Bats

Bats! A Valuable Resource

One recent morning I was listening to a morning radio show in Omaha where the topic centered on bats. It seems the Health Department and Humane Society in Omaha had received more than its usual calls about bats entering peoples houses. In a two week period they had received 65 calls, more than they receive in an average year.  The discussion ranged from fears and concerns to an interest and support of bat populations.
What is it about bats that so many people fear?  Most obvious is they are misunderstood. They are mysterious creatures of the night and used to portray evil during Halloween. There is also the misconception that all bats have rabies, and they will fly into your hair and become entangled.  All these myths, as well as many others, have given our bats a bad rap.
Bats are actually the most gentle of all mammals. They are also the most populace of mammals on the planet. Unfortunately their numbers are in concerning decline primarily due to the use of pesticides. There has never been a confirmed bat attack on a human, nor do they fly into a persons hair. As for rabies, bats are not a host for the virus. If they contract rabies they first become paralyzed followed by death. So if all bats had rabies, there would be no bats. People that are bitten by bats usually find a bat on the ground and attempt to pick them up or touch them. However, if you find a bat on the ground more than likely it is sick and precautions should be taken.  The reality of it is any animal, domestic or wild, will bite if it feels threatened. As for bats? Your chances of contracting rabies from them is extremely rare. Your chances of getting struck by lightening, hit by a car, falling down a flight of stairs or winning the lottery are greater than dying from a bat bite.
So you may ask, what good are bats? Well, a single bat can consume up to 600 mosquitoes in one hour. That’s 3,000 insects in one night. In 1995 alone over 1,000 people died of Malaria, a virus transmitted by mosquitoes, the very insect that bats eat and therefore, protect us from. Further, a natural prey of insect eating bats is the cucumber beetle which is the adult stage of the corn root worm. A colony of just 150 big brown bats could protect local farmers from 18 million rootworms each summer. This would in turn help reduce the need for pesticides to control these crop damaging insects. In the tropics, fruit and nectar eating bats are vital in re-vegetation of the rain forest by spreading seeds, and help pollinate a large variety of valuable plants from bananas to cashews.  Although we may hardly ever see these incredible creatures, they are hard at work for us every night.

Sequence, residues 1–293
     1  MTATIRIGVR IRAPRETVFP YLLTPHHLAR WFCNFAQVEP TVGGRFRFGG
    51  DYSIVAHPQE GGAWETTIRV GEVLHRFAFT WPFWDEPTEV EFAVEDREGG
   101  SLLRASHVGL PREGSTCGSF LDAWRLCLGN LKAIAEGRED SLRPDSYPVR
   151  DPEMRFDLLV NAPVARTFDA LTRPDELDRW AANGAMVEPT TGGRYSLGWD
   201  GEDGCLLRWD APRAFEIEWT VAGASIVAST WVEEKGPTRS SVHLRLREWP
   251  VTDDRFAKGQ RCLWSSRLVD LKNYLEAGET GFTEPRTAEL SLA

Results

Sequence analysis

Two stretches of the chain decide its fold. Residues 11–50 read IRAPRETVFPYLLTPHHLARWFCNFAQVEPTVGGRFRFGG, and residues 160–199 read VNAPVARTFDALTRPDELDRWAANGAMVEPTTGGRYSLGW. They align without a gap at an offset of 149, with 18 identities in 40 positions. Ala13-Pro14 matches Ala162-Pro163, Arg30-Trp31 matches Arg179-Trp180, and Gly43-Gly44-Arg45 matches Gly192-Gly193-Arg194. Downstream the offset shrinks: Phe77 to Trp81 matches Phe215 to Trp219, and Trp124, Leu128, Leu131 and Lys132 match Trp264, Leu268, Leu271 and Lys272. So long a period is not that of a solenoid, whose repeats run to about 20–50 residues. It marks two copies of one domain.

Twelve species of bats have been found in Nebraska. They are all insect eaters, feeding on a variety of night flying insects. But even Nebraska’s bats are at risk. Fear and misunderstanding are their worst enemies. Loss of habitat, extermination by humans, and inadvertently ingesting insects that have been poisoned from pesticides are some of the leading causes in the decline of bat populations. However, through education we can begin to protect our bats and welcome their usefulness for humans. For more information about bats visit the Organization for Bat Conservation at www.batconservation.org.
 

Bats In Your House

As our summer nights become increasingly cooler, bats become attracted to the warmth of buildings. Occasionally they may slip through a small crack or enter through an open window, ending up in our houses. No need to worry. They would just as soon we help them find the door so they can return outside. You could call Animal Control to remove them. Or if you have a bat flying around in your house, don’t panic. It is wise to note that all wild animals will bite if threatened so make sure never to touch a bat with your bare hands. Stay calm. If the bat is flying around, it is not trying to attack anyone, it is only trying to find a way out. Turn on some lights in the house so that you can easily see the bat and the bat can also see (bats are not blind). Next, close the doors to adjoining rooms, open the doors and windows in the room the bat is flying around, and if possible, turn on a light outside so the bat can see the exit. The bat has very good echolocation (radar), but it is also frightened being in a human's house. More than likely, the bat will just fly right out the open door or window within a few minutes. Or you may use a small mesh net or pillow case to gently catch the bat in flight. If the bat lands and does not fly again, there are other ways to remove it. First, put on a pair of thick leather work gloves, and find a small cardboard box or coffee can. Slowly walk up to the bat and put the container over the bat, slip a piece of cardboard or book behind it and take it outside and let it go.
 

Wingtips: Not All Bat Boxes Are Equal:

Properly installed bat boxes can provide nesting sites for bats while helping to reduce mosquito populations in your yard. When purchasing a bat box make certain there is a landing pad that extends below the chambers allowing bats to land and enter the box. And a small ventilation strip on the front is essential to prevent the box from over-heating. For more information contact the Wild Bird Habitat Stores or visit the Organization for Bat Conservation online.
 

The Wild Bird Habitat Stores

Independent Backyard Bird Feeding Center Since 1993

South Lincoln:
Alamo Plaza / 56th & Hwy 2
Lincoln, Nebraska 68516
(402)-420-2553

 

North Lincoln:
4900 Dudley Street
Lincoln, NE 68504
(402)-464-4055

 

 

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